Extending Yourself for Another’s Welfare
- Dr. David B. Hawkins The Marriage Recovery Center
- 2013 21 Oct
Scott Peck made this definition of love famous: Extending yourself for the welfare of another. Of course this is similar to the Apostle Paul’s definition of love: “Love is patient, love is kind. It does not envy, it does not boast, it is not proud” (I Corinthians 13:4).
We bandy the word ‘love’ around, saying we love our mate, we love our friends, we love our church, we love our job and so on. But, do we really love these people or things according to Peck or the Apostle Paul? Do we love to the point of extending ourselves beyond our comfort level? Do we give more of ourselves than we might customarily and do we give to the point where we make an impression upon the other?
Gene is a 32 year old businessman whose wife, Marlys is a professional accountant. Both lead busy lives and with two young children they are often on the go. Their weeks are full with responsibilities and obligations. Their marriage was suffering as a result.
“I wish she spent more time with me,” Gene said during a recent counseling session. “I know we both agreed to have full lives, including a career, but I’d like to have the sense she was going out of her way for me.”
Marlys took offense at his comments.
SEE ALSO: Therapeutic Healing Sessions
“I’d like the same thing,” she said defensively. “I’d like a nanny of my own. I’d like you to go out of your way for me.”
Both stiffened and glared at each other.
“Sounds like you both want the same thing,” I said. “It’s not uncommon at all for busy professionals to feel deprived. You give a lot of yourselves at your work and then need a place to unwind. With two young children, I wonder how often you really give to each other?”
“Never,” she said quickly. “We are both tired at the end of the day and have little left to give when we get home.”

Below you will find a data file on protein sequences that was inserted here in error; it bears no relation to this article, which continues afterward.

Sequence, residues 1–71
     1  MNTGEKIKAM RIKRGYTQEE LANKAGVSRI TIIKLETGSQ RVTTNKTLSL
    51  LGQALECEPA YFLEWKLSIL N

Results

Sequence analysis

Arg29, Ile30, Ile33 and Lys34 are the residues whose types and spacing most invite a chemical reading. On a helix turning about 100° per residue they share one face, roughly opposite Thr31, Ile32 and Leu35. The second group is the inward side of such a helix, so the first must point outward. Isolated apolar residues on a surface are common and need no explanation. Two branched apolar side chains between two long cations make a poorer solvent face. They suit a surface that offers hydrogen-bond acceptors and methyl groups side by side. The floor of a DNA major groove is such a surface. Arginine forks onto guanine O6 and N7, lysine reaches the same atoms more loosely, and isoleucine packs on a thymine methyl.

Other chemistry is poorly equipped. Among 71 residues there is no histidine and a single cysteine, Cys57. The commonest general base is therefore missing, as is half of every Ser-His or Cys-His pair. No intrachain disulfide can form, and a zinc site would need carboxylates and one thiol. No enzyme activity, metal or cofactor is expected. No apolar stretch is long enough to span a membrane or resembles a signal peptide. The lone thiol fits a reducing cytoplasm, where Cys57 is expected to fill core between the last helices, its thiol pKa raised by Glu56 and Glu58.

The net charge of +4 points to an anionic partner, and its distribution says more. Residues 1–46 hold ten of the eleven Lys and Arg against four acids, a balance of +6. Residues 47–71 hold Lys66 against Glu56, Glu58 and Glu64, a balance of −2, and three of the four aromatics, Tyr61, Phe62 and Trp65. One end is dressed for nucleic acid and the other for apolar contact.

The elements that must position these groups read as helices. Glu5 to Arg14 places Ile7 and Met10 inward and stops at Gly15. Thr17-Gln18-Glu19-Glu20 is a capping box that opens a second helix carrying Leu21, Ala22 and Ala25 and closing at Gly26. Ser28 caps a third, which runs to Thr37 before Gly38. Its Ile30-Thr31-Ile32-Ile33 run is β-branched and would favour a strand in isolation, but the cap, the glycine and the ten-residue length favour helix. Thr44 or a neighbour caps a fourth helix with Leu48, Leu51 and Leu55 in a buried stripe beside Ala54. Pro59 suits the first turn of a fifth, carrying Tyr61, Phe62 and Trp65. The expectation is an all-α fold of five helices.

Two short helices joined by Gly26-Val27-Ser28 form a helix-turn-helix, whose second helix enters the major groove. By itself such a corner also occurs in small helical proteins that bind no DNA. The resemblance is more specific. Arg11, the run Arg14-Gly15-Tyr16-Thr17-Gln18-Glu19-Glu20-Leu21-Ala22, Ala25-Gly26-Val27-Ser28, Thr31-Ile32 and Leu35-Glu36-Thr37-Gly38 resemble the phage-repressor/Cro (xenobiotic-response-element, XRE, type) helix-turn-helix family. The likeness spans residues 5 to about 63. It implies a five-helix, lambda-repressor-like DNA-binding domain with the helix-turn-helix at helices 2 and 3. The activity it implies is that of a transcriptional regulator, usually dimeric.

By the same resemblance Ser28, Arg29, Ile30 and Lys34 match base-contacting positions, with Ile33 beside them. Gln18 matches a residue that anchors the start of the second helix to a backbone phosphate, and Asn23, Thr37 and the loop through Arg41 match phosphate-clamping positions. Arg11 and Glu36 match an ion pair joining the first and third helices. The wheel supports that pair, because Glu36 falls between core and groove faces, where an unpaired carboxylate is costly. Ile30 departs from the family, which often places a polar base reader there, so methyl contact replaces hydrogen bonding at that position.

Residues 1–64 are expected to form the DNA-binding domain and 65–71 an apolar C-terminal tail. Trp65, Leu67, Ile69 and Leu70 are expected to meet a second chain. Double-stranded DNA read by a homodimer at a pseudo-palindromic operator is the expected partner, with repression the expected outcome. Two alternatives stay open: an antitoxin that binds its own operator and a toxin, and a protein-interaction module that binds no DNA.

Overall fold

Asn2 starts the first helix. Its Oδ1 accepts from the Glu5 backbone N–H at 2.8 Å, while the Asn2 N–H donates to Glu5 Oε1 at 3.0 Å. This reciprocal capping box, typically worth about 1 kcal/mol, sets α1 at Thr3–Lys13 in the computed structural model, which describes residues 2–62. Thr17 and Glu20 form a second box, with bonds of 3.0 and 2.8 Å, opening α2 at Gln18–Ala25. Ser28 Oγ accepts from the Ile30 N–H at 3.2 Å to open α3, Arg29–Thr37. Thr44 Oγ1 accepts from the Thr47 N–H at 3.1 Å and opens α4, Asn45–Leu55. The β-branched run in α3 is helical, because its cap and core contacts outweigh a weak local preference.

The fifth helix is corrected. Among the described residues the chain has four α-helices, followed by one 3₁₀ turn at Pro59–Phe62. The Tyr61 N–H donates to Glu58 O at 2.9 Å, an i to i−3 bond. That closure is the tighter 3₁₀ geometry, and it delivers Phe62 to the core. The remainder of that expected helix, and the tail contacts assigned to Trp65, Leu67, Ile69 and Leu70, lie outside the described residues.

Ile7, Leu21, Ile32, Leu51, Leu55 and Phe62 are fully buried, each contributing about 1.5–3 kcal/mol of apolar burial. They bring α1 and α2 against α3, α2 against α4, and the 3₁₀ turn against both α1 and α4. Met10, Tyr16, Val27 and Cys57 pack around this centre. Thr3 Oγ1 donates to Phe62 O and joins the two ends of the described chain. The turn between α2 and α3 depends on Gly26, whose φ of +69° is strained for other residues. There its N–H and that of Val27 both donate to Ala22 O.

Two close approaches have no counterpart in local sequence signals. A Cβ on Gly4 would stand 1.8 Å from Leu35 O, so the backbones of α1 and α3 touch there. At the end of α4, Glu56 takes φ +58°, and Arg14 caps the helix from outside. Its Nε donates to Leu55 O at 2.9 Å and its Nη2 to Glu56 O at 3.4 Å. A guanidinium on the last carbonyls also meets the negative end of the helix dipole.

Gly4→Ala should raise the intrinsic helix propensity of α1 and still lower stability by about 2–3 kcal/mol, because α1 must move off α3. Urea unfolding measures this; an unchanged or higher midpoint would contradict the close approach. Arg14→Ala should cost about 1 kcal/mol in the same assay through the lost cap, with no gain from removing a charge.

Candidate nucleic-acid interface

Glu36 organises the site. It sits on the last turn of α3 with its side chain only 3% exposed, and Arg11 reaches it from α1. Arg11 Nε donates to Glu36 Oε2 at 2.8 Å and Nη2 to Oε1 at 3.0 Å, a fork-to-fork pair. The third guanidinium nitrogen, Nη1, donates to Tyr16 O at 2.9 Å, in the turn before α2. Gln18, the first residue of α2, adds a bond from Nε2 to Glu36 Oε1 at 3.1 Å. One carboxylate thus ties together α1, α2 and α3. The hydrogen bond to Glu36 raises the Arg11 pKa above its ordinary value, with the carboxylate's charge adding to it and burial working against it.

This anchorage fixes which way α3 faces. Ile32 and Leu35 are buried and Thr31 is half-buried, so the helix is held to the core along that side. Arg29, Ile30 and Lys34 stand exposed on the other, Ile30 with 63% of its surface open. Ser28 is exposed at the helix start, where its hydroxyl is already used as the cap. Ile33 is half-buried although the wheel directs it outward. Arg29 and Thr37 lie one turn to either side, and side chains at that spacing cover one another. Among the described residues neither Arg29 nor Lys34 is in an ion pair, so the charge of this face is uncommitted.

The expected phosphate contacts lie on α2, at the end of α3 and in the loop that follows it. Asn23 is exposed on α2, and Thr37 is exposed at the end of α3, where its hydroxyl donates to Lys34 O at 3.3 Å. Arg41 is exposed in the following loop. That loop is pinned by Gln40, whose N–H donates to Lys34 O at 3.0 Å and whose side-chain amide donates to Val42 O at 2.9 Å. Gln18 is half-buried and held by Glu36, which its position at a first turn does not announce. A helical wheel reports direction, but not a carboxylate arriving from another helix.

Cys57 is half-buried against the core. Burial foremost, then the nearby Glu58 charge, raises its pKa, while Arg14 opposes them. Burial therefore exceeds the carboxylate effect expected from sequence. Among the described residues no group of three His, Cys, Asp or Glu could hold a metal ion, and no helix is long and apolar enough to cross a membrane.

SEE ALSO: Balancing Our Emotions
“What have you done to try to remedy the problem?” I asked. “You both know that you are hungry for a little TLC and without it your marriage is going to shrivel up and die. In fact, it may already be doing just that. Love means extending yourselves beyond your comfort zone. It means giving when you don’t really feel like giving. But, you’ve got to do just that. You’ve got to know what would really speak ‘love’ to your mate, and then do it.”
Fortunately, Gene and Marlys still cared for each other and were willing to go out of their way to meet their mate’s needs. They had not let bitterness or resentment build up barriers to their desire to give. They did have to overcome the inertia that occurs when you are tired, but that was something both were willing to do.
Consider the advice I gave to them and see if it might help you as well.
First, extending yourself is not optional. Love doesn’t just ‘happen.’ Love is a verb as much as it is a noun, and you must think of ways you can extend yourself for the welfare of your mate. By definition it will not necessarily come easily; expect it to be hard at times. Consider how you might do that this week. Consider what might speak ‘love’ to your mate.
SEE ALSO: Denial: Why Things Must Fall Apart
Second, we all have special love languages. Most of us have special ways we want to be loved. For some it is a special action; for others it is a special word. Still for others it may be a series of small gifts or possibly that occasional large expression of love. Consider how your mate wants to be loved, not just how you are inclined to express it.
Third, we must never stop loving. There is no Love Bucket that once filled remains full. We must keep on giving and loving forever. Consider how you want to be loved indefinitely; that is the same way our mate wants to be continuously loved.
Fourth, we must express love in a multitude of ways. While there may be a primary way our mate wants to be loved, it is likely that you will need to string together a series of small, loving gestures throughout the week. A kind word here, a loving gesture there, with a bold gesture thrown in at an opportune time.
Finally, loving actions give something back to us. Not only will our mate appreciate our loving gestures, but we will experience the kindness of doing something gracious for another. Love comes back to us in many ways. Notice how being loving changes our hearts, even if it doesn’t always land perfectly with the other person. Being loving extends ourselves, making us larger, kinder and more gracious than we were before.
SEE ALSO: Keep Things in Perspective in a Crisis
We want to hear from you. Please go to our website, www.marriagerecoverycenter.com and discover the free downloadable eBook, A Love Life of Your Dreams as well as free videos and articles. Please send responses to me at [email protected] and also read more about The Marriage Recovery Center on our website. You’ll find videos and podcasts on sexual addiction, emotionally destructive marriages, codependency and affair-proofing your marriage.
Publication date: October 21, 2013